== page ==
World Bulletin/News Desk
Michael Brown’s death at the hands of a police officer turned the tragedy into a symbol that represents the killing of all black teenagers by police officers.
Brown’s killing was not the first such case of an unarmed black male killed by a white police officer, and it certainly was not be the last in a country that still struggles to deal with racial inequalities 150 years since its former slaves were freed.
Since that fateful day in August, there have been at least 6 black teenagers who were shot and killed by police officers in the United States, according to The Daily Beast.
The FBI's "justifiable homicide database" shows between 2005 and 2012, an average of 96 blacks were killed each year by a white police officer, and 2013 saw these deaths increase for a third consecutive year.
Recent studies have shown that young black males are 21 times more likely to be killed by police than their white teen counterparts.
University of California, Berkeley professor Hatem Bazian said blacks killed by police is a phenomenon that has become commonplace.
"The numbers are just constantly piling up, and that can be seen in the newspapers daily, as African-Americans have been shot by the police for a variety of reasons,” he said. These killings have turned into “routine” news, he added.
Of the 6 black teens who have been killed by police since Aug. 9, the victims ranged in age from as old as 19 to as young as 12-year-old Tamir Rice.
Tamir was shot and killed Nov. 22 by a Cleveland police officer who mistook the toy gun Tamir was holding for a real gun. After the shooting he radioed that the victim was approximately 20 years old.
A snapshot of the other victims of deadly police shootings include:
Fourteen-year-old Cameron Tillman who was shot dead Sept. 21 after police received a call about trespassers armed with weapons entering an abandoned home in Terrebonne, Louisiana. A gun Cameron had in his possession was a toy.
Laquan McDonald was 17 when he was shot dead by a Chicago police officer for breaking into cars and refusing to drop a knife he was holding.
VonDerrit Myers Jr. was shot in the head in early October, just miles from where Michael Brown died two months earlier. An off-duty officer said the 18-year-old fired three rounds at him before the officer returned with 17 shots. Myers’ family contends he did nothing wrong and was carrying only a sandwich in his hand.
Qusean Whitten, 18, was killed for trying to rob a store in Ohio in October.
Roshad McIntosh from Chicago was killed at the end of August after reportedly pulling a gun on officers. The 19-year-old’s family claimed he was kneeling on the ground with his hands in the air.
McIntosh's family's claims are eerily similar to those of some of the witness accounts of the Brown shooting.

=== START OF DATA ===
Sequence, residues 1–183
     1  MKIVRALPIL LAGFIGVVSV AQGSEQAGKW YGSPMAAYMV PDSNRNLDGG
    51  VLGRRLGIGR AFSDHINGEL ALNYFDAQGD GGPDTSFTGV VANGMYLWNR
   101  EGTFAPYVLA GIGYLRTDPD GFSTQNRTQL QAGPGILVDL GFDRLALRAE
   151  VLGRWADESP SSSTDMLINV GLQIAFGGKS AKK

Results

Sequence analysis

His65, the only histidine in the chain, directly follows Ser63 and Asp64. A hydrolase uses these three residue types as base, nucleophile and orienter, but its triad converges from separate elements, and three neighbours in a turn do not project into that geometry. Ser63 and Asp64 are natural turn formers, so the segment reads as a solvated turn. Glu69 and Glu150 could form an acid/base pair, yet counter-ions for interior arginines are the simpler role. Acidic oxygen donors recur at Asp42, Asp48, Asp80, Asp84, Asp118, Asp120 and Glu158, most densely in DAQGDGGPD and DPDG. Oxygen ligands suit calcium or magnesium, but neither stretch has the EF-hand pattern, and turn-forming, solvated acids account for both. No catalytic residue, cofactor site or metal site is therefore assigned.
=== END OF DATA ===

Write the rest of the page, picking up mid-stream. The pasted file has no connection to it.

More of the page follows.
Ferguson unrest scales back
Meanwhile, riots in the St. Louis County area continued for a third straight day Wednesday, with demonstrators protesting a grand jury’s decision not to indict a white police officer for fatally shooting an unarmed black teen.
Unrest appeared to be less intense than on the first two nights, caused by a mixture of inclement weather, afternoon snowfall, the eve of a major holiday and a boosted troop presence.
Several arrests were reported during the protest that followed a mock trial for officer Darren Wilson, who on Monday night avoided an indictment by a Missouri grand jury for killing 18-year-old Michael Brown.
The decision sparked violent protests in Ferguson, as well as rallies in many U.S. cities including New York, Los Angeles, Boston, Washington, Chicago and Atlanta.
Protests since the grand jury's decision have led to more than 400 arrests across the country.
Also on Wednesday, Brown’s parents expressed frustration at officer Wilson's version of events that led to their son's killing.
In his first TV interview since the fatal shooting in August, Wilson said that he shot the teen because he perceived him as threat to his life.
"The only way I can describe it is I felt like a 5-year-old holding onto Hulk Hogan," he told ABC News, adding that he had a "clean conscience" for what he did.
Speaking to NBC, Brown's mother said the officer's words were an "insult" and "disrespectful."
"I don't believe a word of it. I know my son far too well. Our son doesn't have a history of violence," Lesley McSpadden said in reference to Wilson’s claim that Brown struggled with him inside a patrol car and reached for the officer’s gun.
Brown's father also said he felt the prosecutors "crucified" his son's character.
Meanwhile, Missouri Gov. Jay Nixon is facing criticism for what is described as a delayed deployment of a larger number of National Guard troops to Ferguson before the announcement of the grand jury's decision.
“The National Guard was not deployed in enough time to save all our businesses,” Ferguson Mayor James Knowles said, calling the initial response to the protests "deeply disturbing."
Nixon ordered and additional 2,200 troops to the region on Tuesday, up from 700 on Monday, when hundreds of angry protesters poured into the streets of Ferguson.
Area businesses were looted, as well as cars and buildings set on fire and dozens of arrests on the first night of protests.
The state’s Lt. Gov. Peter Kinder also joined Knowles on Wednesday and said Nixon is to blame for not deploying enough troops before the unrest.
Last Mod: 27 Kasım 2014, 12:18